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KU Engineering partners with Kansas community to test energy-efficient materials

Friday, March 26, 2021

LAWRENCE — The University of Kansas School of Engineering is partnering with a south-central Kansas community on a federal pilot project to test energy-efficient materials in public sector buildings — an experiment that could reduce the kinds of extreme-weather rolling blackouts seen across the state this winter.

The effort in Wellington is one of seven “Building Technologies Proving Ground – Public Sector Field Validation” projects nationwide selected by the U.S. Department of Energy to test energy-efficient technologies. The Kansas project will test passive thermal energy storage, via phase change materials (PCMs), in roof and ceiling tiles in six public sector buildings in the community, aiming for a 20% or greater reduction in space cooling, heating and electric demand.

Mario Medina, associate professor of civil, environmental & architectural engineering and associate dean for engineering academic affairs, said KU Engineering has spent more than 20 years researching PCMs.

Where traditional insulation acts as a barrier against extreme temperatures, PCMs shift between solid and liquid states to store heat before slowly releasing that energy — much like an ice cube holds cold water and then slowly melts. That makes it easier to keep buildings warm in the winter and cool in the summer without relying so much on space heating and air-conditioning systems.

“If you want to achieve the same results with existing insulation, which is usually fiberglass or cellulose, you would have to double or triple the thickness of the wall. That would require space and would be extremely costly,” Medina said. The new PCMs used in this project are encapsulated in ceiling tiles, which are about a quarter-inch thick.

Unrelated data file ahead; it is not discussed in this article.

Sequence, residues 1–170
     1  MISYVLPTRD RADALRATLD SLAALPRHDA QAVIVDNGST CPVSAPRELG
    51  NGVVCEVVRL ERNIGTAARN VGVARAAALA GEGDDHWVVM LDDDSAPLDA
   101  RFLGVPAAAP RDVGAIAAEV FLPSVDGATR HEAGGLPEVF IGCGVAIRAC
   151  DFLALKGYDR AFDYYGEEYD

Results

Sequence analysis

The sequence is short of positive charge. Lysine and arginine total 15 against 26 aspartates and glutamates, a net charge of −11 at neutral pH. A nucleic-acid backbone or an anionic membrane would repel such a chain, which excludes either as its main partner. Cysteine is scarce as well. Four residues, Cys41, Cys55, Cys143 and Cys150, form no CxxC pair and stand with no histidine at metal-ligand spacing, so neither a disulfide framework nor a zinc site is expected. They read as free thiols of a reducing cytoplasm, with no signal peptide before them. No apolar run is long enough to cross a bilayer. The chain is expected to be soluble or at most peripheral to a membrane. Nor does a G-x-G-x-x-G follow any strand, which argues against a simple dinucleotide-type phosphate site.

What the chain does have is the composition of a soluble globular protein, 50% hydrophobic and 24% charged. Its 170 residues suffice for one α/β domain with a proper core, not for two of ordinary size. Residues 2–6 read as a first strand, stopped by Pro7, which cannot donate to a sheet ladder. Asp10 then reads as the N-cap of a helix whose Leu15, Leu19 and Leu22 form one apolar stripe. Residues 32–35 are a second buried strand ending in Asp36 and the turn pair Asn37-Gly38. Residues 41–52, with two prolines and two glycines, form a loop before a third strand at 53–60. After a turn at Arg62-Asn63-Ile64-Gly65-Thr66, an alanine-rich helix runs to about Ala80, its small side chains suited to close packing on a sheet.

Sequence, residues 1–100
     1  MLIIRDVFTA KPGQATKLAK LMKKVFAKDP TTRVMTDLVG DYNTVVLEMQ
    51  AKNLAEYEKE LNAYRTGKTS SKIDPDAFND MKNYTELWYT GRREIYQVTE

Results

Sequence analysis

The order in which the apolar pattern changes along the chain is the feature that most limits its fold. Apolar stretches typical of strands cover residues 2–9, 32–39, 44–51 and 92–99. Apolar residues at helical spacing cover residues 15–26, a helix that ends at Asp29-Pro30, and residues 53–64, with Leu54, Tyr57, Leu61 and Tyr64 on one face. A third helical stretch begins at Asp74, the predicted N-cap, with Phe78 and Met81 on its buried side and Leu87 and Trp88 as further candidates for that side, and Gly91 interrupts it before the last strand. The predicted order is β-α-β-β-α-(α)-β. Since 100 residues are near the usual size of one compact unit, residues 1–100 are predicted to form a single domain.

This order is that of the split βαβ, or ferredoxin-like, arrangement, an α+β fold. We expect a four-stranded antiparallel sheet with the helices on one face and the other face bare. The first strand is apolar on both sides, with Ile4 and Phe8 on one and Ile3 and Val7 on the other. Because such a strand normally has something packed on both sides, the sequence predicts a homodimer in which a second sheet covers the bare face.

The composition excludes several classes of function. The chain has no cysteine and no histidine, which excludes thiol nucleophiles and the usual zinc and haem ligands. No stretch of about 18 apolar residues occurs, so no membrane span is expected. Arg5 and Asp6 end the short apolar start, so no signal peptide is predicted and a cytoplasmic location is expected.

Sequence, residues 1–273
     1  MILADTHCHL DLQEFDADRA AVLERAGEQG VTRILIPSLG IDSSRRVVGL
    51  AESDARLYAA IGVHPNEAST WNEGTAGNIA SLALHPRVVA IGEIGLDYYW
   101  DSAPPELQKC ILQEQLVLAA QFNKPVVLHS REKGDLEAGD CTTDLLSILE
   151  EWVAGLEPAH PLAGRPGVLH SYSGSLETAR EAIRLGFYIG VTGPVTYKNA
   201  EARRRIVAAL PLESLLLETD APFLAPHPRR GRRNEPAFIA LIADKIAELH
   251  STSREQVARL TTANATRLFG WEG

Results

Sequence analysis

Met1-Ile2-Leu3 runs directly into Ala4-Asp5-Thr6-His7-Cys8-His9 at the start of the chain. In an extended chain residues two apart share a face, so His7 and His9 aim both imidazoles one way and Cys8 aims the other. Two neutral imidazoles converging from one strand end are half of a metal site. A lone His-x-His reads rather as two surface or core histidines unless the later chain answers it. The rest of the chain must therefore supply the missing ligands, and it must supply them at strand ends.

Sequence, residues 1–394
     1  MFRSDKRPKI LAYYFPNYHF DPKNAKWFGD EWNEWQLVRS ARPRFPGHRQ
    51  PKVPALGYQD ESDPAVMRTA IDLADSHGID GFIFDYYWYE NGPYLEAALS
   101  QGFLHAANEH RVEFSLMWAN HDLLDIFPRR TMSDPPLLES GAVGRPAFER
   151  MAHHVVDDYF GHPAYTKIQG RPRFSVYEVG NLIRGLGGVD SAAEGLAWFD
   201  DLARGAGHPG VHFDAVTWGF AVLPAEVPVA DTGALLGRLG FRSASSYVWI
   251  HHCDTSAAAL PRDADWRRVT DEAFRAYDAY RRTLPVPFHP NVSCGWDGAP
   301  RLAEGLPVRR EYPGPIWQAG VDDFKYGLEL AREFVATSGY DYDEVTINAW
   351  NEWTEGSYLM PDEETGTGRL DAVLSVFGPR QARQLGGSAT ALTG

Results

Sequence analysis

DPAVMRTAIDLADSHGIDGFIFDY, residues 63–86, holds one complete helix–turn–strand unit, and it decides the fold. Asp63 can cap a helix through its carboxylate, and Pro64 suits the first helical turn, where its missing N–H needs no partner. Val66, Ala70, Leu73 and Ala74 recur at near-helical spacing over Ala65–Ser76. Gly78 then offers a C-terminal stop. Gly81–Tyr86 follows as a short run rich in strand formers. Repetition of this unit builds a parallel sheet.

PCMs also reduce the amount of demand placed on the electrical grid during extreme heat or cold, Medina said. During the hottest or coldest days, the demand for electricity can become so overwhelming that electric utilities have to impose “rolling blackouts” — of the kind seen in California during the summer of 2020, or the cold-weather version that occurred in Kansas during the February cold snap — to keep the system from collapsing.

“During summers, most air conditioners peak around the hottest time of the day, which is about 2:30 to 4:30 in the afternoon,” he said. “At that point in time, the electrical utility companies are also providing the electricity that they normally provide for lighting, for plugs, for equipment — but on top of that, in the summer, they are providing that excess amount of electricity for these air conditioners.”

PCMs should alleviate that problem by storing heat until later in the day, when it is cooler and active demand on the electrical grid has declined. That would be good for both homes and businesses, Medina said, both to keep their electric bills down but also to avoid losing power.

“It’s not good for a state’s economy to have these brownouts or blackouts,” he said.

KU’s partners include the city of Wellington Municipal Utility, Sumner County, Overland Park-based energy solutions company Decent Energy Inc., PlaNet Productions Inc. and Insolcorp LLC, a North Carolina firm that developed and manufactures the Templok PCM Tile used in the test project. KU will receive $142,500 from the Department of Energy award to deploy sensors, establish a baseline, develop suitable building energy models and run simulations to evaluate the PCMs’ performance throughout the three-year project.

The project “further illustrates that rural communities have a voice and play an important role in the growing clean energy economy,” said Stacy Davis, executive director of the Sumner County Economic Development Commission.

Medina said KU will benefit from the testing and validation, energy modeling and measurement and verification experience it gives the graduate and undergraduate students working with him on the project. And the university benefits from its partnerships with Wellington and Sumner County to translate that research into real-world results that can benefit them, the state of Kansas and the world beyond.

"The primary mission of the university is to educate,” he said. “But our mission doesn't end there. We need to be part of the community."


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